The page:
Management Dispute Brings High Drama to the Starlight
Starlight Amphitheatre manager Tim Pinch last week threatened to sue the city of Burbank if he is fired, heating up a long-festering conflict about whether Pinch is the best person to rejuvenate the city-owned outdoor theater.
The ultimatum issued by Pinch on Friday is the kind of dramatic twist that might have played well during a production on the Starlight’s stage, which was unused all but six nights of this year’s 6-month season.
On Thursday, city officials notified Pinch, 35, that they will recommend to the Burbank City Council that he be fired. The officials cited, among other things, his inability to provide “broad and varied entertainment” and to provide details to the city about his partnership with a Beverly Hills entertainment firm.
But the recent failures were only the tip of the iceberg, city records indicate.
During the 3 years that Pinch has run the theater, city officials have sent him numerous default notices for failing to pay bills on time and not maintaining adequate insurance on the Starlight.
City records show that he has been reprimanded by Burbank officials for providing inaccurate audience estimates and keeping sloppy business records.
In addition, he has promised to put on shows that never materialized or were abruptly canceled. Pinch presented 13 shows in 1986, 11 in 1987 and only 5 shows this season. Most featured local performers, not the famous entertainment names city officials craved.
The lack of shows exacerbated the city’s long-running problems in its attempt to turn the Starlight--once called Burbank’s “white elephant"--into a profitable theater providing popular entertainment.
Richard R. Inga, Burbank’s Parks and Recreation Department director, complained about Pinch’s “lack of professionalism” in letters to City Manager Bud Ovrom.
As early as November, 1986, Inga wrote about problems with Pinch. He said Pinch worried more about minor maintenance problems than about managing and promoting the Starlight.
“Perhaps by next season, if there is one, Mr. Pinch will develop a more mature, professional attitude in his business relationship with the city, and all of these problems will become a thing of the past,” Inga wrote. “Wishful thinking?”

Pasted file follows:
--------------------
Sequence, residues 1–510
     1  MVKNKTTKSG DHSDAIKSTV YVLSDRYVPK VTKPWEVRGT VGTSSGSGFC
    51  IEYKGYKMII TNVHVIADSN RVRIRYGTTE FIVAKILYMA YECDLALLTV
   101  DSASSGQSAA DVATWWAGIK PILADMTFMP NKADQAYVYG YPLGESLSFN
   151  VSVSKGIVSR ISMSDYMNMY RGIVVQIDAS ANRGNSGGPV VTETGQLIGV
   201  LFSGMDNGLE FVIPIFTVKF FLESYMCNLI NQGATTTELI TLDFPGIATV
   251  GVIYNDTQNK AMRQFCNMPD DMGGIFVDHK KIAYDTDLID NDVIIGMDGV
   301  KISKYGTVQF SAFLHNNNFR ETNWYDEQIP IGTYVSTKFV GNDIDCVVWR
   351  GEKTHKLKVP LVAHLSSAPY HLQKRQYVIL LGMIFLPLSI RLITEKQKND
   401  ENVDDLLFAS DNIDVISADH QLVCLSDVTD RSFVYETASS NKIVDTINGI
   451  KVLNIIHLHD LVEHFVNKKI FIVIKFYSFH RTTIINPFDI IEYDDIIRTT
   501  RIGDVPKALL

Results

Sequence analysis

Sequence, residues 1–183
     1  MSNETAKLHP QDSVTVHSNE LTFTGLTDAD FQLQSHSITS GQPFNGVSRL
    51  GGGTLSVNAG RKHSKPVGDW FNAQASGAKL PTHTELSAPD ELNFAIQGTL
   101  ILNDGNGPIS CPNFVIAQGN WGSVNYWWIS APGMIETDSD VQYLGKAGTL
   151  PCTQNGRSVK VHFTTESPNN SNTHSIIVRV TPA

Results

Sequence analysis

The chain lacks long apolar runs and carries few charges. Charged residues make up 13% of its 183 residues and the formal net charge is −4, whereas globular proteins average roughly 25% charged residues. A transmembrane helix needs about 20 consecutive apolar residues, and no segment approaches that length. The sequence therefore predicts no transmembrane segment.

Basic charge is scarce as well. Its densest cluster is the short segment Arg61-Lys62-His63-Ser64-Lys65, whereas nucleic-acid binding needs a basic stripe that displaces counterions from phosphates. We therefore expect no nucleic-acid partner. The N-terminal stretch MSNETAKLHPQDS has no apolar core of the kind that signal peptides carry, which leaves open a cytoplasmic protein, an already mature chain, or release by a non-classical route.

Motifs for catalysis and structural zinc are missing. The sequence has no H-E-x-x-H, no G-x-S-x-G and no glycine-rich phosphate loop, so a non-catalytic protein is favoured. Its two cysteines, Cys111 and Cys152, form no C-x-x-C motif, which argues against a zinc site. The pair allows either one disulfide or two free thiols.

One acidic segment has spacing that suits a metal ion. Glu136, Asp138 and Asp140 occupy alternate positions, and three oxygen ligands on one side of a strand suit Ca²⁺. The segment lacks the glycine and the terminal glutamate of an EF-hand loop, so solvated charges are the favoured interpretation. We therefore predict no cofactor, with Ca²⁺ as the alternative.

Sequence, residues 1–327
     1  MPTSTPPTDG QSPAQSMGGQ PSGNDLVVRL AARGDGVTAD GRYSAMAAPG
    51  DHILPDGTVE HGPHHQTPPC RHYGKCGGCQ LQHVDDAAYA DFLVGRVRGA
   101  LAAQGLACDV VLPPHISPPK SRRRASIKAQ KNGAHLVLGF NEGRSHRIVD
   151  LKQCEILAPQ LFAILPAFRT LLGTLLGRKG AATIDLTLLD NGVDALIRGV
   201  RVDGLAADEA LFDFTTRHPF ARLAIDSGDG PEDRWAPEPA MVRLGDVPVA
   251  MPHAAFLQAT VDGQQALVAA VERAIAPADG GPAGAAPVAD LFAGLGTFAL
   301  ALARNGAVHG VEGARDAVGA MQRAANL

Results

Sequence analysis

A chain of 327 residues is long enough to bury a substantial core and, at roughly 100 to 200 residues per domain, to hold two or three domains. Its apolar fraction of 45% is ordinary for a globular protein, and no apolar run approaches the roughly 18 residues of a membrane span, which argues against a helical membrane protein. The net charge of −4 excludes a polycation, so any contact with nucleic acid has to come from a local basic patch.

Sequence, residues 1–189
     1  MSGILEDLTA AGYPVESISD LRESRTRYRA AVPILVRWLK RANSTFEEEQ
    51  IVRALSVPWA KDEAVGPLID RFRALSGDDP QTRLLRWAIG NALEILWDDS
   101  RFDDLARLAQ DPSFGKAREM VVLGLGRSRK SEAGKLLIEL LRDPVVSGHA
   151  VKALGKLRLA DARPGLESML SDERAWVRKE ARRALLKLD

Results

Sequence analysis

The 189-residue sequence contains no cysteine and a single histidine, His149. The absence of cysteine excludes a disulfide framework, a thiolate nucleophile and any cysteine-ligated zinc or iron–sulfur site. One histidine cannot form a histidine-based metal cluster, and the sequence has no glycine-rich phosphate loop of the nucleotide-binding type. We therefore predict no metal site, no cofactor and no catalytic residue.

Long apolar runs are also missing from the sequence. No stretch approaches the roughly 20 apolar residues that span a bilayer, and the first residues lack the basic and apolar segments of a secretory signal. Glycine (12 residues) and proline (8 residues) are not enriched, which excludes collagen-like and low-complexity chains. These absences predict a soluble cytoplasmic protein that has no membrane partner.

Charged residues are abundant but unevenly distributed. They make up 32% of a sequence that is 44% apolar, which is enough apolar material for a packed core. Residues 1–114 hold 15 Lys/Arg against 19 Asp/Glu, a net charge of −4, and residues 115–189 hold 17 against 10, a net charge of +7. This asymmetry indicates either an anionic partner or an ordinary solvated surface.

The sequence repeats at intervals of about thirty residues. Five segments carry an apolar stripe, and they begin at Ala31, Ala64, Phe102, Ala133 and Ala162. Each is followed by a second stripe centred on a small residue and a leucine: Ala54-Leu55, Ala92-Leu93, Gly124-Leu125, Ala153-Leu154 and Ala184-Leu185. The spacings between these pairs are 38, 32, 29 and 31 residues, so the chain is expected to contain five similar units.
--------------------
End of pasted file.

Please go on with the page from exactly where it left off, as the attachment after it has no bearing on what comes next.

From Pinch’s point of view, the problems had been solved by this year, and he recently told city officials that he wanted to renew his contract.
“As we approach the end of the 1988 season here at the Starlight Amphitheatre, I am encouraged by the renewed excitement with which we move ahead into the upcoming seasons,” Pinch wrote in a Sept. 28 letter to Inga. ‘In light of our accomplishments over the past two years, we look forward to a bright and rewarding future here at the Starlight Amphitheatre.”
But in an interview, Inga said, “Tim’s contract has been one of the more difficult contracts to administer, and this department administers more than 50 concession-consultant contracts.”
The city’s obvious unhappiness with Pinch as a promoter and operator during the 3 years he ran the Starlight raises questions about why officials did not take action sooner to remove him.
Despite its difficulties with Pinch, the city had no grounds to fire Pinch until now, officials said.
“Our frustration with the contractor was not a basis to terminate the contract,” said City Atty. Douglas C. Holland, who added that the city could fire Pinch only if he violated specific provisions of his contract.
Holland said Inga went out of his way to improve relations with Pinch.
“Rich tried his damnedest to work as hard as he could to try and make this relationship a success,” he said. “Rich and his people went above and beyond at times to work with Pinch.”
Advice and Patience
Inga said he often provided Pinch with advice and was patient with him during his scheduling and financing difficulties.
When Pinch was appointed by the Burbank City Council in 1985 to run the theater, he had never run an entertainment facility. His previous business experience was running Tim Pinch Recording, which he said provided audio services for television and radio specials, as well as for concerts featuring rock groups such as the Jacksons, the Police and the Eagles.
“There was hope, understanding and appreciation that we did sign up a fully inexperienced novice,” Holland said.
Although staff members had recommended against hiring Pinch, Holland and Ovrom said the council was impressed with Pinch’s energy and enthusiasm, and wanted to give a chance to someone just starting out.
At the time, the city was appealing a $4.8-million judgment resulting from a lawsuit brought by a previous Starlight Amphitheatre manager who argued that the city had unfairly prevented him from staging rock concerts.
According to his contract, Pinch was required to pay annual rental fees to the city for 3 years of either 5% of his gross receipts or a minimum of $15,000 in 1986, $25,000 in 1987 and $35,000 in 1988. The city spends $25,000 annually to maintain the Starlight and its grounds on a hillside northeast of downtown.
In addition, he was required to pay for police and fire personnel on duty at the Starlight during events.
The city issued Pinch his first default notice Sept. 16, 1986, for non-payment of $6,000 in rent and $4,537 in police traffic-control expenses. Another default notice was issued in October, 1986, for an additional $3,000 in rent and an additional $4,659 for fire and police personnel on duty during Starlight events.